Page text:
A parent or grandparent may be able to make a tax advantageous gift upon death from his or her RRSP, Registered Retirement Income Fund ("RRIF"), or Registered Pension Plan ("RPP") for the benefit of a family member with special needs. Rollovers are also available from these registered plans to an RDSP of a dependent infirm child or grandchild, provided certain requirements are met. Among other requirements, there must be available contribution room in the child's or grandchild's RDSP and the child or grandchild must have been financially dependent on the deceased for support at the time of death due to a physical or mental infirmity. To qualify as financially dependent, typically, the child or grandchild's annual income for the preceding year may not exceed a specified amount (approximately $17,600, indexed for inflation after 2010). Generally, the rolled over funds are taxed upon being paid out from the RDSP.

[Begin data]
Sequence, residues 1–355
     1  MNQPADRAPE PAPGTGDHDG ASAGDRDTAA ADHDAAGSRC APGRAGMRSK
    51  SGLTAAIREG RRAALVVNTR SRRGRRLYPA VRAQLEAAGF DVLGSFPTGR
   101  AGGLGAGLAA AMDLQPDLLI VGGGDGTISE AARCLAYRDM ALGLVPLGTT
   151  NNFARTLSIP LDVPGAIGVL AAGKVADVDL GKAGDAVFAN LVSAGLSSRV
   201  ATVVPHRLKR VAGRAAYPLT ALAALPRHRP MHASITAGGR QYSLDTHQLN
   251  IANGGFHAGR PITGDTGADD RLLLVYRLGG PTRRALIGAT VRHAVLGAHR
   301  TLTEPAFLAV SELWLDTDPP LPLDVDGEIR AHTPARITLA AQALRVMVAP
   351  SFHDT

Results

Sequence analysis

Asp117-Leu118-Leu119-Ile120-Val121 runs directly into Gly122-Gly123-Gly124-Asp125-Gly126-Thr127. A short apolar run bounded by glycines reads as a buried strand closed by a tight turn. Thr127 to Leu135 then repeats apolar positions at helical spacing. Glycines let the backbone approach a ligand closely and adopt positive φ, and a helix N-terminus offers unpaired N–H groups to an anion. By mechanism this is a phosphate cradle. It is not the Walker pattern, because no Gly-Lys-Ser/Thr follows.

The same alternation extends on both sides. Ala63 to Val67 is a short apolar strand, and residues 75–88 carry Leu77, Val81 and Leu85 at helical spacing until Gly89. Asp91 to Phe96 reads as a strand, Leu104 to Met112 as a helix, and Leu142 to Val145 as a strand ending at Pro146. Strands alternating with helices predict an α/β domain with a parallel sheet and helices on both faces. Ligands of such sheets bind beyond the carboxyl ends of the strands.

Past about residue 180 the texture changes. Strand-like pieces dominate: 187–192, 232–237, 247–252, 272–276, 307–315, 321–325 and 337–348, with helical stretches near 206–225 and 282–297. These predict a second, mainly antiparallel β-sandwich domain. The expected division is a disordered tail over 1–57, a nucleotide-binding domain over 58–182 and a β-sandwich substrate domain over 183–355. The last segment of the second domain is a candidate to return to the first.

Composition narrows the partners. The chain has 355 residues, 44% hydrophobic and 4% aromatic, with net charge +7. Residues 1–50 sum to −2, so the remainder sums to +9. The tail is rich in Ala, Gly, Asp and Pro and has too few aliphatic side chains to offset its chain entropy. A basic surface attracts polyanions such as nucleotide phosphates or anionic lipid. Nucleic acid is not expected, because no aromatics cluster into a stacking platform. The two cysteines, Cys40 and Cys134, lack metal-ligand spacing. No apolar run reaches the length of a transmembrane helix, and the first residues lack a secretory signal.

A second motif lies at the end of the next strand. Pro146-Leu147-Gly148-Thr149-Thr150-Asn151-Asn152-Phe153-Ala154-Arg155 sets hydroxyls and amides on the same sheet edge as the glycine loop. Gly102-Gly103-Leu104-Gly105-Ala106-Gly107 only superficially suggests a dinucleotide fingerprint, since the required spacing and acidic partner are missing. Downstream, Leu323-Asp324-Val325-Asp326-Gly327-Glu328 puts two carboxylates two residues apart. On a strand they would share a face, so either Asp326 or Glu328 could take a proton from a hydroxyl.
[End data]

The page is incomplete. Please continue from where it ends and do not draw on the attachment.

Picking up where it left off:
(c) Outright Gift By Will

An individual may provide for a family member by an outright gift of property such as assets or money made under his or her will. An outright gift by will may be suitable where the family member has a physical infirmity, or has Asperger's or Tourette's syndrome and functions at a high level. It is typically appropriate where the family member is an adult with full capacity to manage property who is not relying on income- tested government income supports such as ODSP. The family member receives the property immediately upon the estate being administered, and may use it as he or she wishes.

However, in many situations an outright gift by will may not be appropriate. For example, monies gifted by will to a mentally incapable adult may have to be paid into court for his or her account or to such person's guardian of property, subject to certain exceptions.